I read on the BBC that defenestrated MP's will get career advice. Wonder that the advisers will say to them?

jim said...

In other news, why would an underdog pick up a stick and a few mates and then go and prod hard a hornet's nest. Knowing there was no plan B - no armoured divisions or helpful allies or a few nukes in his back pocket. Either a fool or suckered into it. A wider plan or a useful opportunity maybe.

Anonymous said...

653 days ago Mr P began his plan of a two week assault to steal Ukraine.

A fool and his thieved billions are soon parted.

Caeser Hēméra said...

On Musk, his history is a bit more potted than his mythos would have us believe.

His exit from PayPal spoke volumes. His Boring company has achieved nothing like what he said it was, and was mainly famed for trying to claim the bus shelter as a novel technology.

It's clear he didn't really want Twitter, the number he quoted was a weed joke, and his legal team tried warning him he'd be on the hook for it, which when he tried getting out of it, he quickly discovered if you pay lawyers, *listen* to them.

SpaceX does well by controlling just what he has power over (he is most assuredly not the brains behind it), and it remains to be seen if Tesla is more than just marketing.

Musk isn't as smart as fanbois think he is, he's not stupid, but his intelligence is constrined by his pettiness, as his tweaks to X algo for his own ego show.

With X/Twitter - he wants it to be WeChat, which if successfully done, would be worth a mint. Just the small matter of it surviving Musk. Ironically Twitter had finally started to become profitable just as Musk bought it, and promptly alienated most of its sources of income.

There's also the matter of trust, Musk makes lots of claims, the majority of which turn out to be aspirational, incorrect, or inflated.

So, if/when he hets that banking licence he seeks, he just needs the kind of people who'd consider Boris Johnson a worthwhile financial advisor.

You know. Suckers.

Anonymous said...

This "three days/two weeks to conquer Ukraine" meme seems as ubiquitous as the compulsory use of "full-scale invasion" in all respectable media outlets.

Did at any time any Russian minister or responsible official ever use it? Or is it there along with the Ghost of Kiev, Hamas murdering babies and the Huns spitting Belgian infants on bayonets?

A week or two back I read stories in the Sun and Mail on how brave Ukrainian special forces had destroyed two vital railway tunnels thousands of miles inside Russia, the main routes for weaponry from China and Korea. Not reported anywhere else.

"Truth is the first casualty of war" said Henry Ponsonby MP.

His study of WW1 propaganda is relevant today

Anonymous said...

Falsehood is a recognized and extremely useful weapon in warfare, and every country uses it quite deliberately to deceive its own people, to attract neutrals, and to mislead the enemy. The ignorant and innocent masses in each country are unaware at the time that they are being misled, and when it is all over only here and there are the falsehoods discovered and exposed. As it is all past history and the desired effect has been produced by the stories and statements, no one troubles to investigate the facts and establish the truth...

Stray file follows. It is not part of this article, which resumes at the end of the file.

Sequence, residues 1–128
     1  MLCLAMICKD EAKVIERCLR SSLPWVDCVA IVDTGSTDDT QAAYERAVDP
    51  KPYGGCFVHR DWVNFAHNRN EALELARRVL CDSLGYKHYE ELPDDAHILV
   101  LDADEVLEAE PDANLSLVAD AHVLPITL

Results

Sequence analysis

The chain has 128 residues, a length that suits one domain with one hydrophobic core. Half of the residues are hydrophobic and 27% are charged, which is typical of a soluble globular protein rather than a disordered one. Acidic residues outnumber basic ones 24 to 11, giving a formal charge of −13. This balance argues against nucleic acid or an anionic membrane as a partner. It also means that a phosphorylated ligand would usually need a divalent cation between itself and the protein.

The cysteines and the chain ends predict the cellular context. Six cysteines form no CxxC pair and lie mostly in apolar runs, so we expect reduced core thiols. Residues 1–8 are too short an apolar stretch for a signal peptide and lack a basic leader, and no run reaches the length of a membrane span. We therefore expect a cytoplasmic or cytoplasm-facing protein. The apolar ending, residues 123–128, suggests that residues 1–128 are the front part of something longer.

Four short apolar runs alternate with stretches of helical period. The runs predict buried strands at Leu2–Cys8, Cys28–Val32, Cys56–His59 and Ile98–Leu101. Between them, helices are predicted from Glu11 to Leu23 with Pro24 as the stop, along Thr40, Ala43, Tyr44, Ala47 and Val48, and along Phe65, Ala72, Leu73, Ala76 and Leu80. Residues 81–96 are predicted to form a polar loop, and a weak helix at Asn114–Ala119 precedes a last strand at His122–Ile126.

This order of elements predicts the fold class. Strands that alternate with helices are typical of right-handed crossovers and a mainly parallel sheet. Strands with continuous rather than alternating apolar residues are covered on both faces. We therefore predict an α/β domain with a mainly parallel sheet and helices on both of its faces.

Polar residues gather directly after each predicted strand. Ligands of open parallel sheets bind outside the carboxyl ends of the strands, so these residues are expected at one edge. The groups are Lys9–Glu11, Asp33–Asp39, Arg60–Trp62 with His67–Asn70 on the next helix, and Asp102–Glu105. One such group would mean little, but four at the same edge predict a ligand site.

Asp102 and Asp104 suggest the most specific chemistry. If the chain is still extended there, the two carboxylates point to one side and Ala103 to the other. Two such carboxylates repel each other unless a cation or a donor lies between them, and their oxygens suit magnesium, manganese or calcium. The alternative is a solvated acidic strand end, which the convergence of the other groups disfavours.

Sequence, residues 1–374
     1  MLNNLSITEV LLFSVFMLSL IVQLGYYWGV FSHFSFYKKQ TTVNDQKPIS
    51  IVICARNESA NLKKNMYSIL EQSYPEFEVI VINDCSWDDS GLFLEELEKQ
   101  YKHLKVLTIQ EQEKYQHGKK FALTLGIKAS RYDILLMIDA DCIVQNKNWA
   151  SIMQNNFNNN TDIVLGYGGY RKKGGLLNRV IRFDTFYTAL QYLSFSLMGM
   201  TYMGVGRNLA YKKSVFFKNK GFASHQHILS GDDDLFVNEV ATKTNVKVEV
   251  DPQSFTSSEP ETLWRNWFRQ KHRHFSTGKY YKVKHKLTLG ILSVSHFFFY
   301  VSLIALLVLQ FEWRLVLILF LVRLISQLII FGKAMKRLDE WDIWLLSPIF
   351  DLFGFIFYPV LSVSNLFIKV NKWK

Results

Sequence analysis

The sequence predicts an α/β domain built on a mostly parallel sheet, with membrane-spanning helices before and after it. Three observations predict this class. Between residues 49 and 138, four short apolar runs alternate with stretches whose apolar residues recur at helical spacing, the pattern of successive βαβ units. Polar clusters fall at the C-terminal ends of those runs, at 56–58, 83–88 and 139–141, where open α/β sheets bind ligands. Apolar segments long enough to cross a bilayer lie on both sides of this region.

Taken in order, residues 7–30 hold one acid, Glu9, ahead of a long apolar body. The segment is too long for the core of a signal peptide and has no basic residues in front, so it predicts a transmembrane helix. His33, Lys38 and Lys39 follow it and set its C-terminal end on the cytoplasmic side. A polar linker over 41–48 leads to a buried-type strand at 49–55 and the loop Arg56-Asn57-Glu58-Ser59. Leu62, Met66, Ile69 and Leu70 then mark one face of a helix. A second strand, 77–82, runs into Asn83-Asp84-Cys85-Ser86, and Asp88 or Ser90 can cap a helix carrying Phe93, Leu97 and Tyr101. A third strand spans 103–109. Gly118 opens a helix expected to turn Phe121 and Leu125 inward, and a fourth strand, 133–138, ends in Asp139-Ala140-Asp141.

A useful purpose can therefore be served in the interval of so-called peace by a warning which people can examine with dispassionate calm, that the authorities in each country do, and indeed must, resort to this practice in order, first, to justify themselves by depicting the enemy as an undiluted criminal; and secondly, to inflame popular passion sufficiently to secure recruits for the continuance of the struggle. They cannot afford to tell the truth. In some cases it must be admitted that at the moment they do not know what the truth is.

The psychological factor in war is just as important as the military factor. The morale of civilians, as well as of soldiers, must be kept up to the mark. The War Offices, Admiralties, and Air Ministries look after the military side. Departments have to be created to see to the psychological side. People must never be allowed to become despondent; so victories must be exaggerated and defeats, if not concealed, at any rate minimized, and the stimulus of indignation, horror, and hatred must be assiduously and continuously pumped into the public mind by means of "propaganda."

Anonymous said...

So this war ..sorry ..not’s illegal to call a 655 day invasion of a border nation a war.
So..this ..special military floperation, is all going to plan?

That must be huge relief for Mr P. And the Russian people. To know that the complete lack of any preparation for a long wa…. Erm..special military floperation, was all along planned to be such a massive clusterfluff.

The military genius of the Kremlin knows that NATO will soon realise the cost of destroying Russian vehicles with NATO’s obsolete and outdated nato equipment is too difficult to sustain. They will run out of bullets trying to keep the convict armies human wave assaults at bay.
If there’s one thing a Russian knows, its blood is cheaper than copper.

Anyway, so glad it’s all going so brilliantly. The rate of advance at the present timescale means Kiev has only a matter of a few dozen decades left before complete near encirclement.

Anonymous said...

Anon 11.12

Quod erat demonstrandum.

Or as my old maths teacher used to say Quite Easily Done.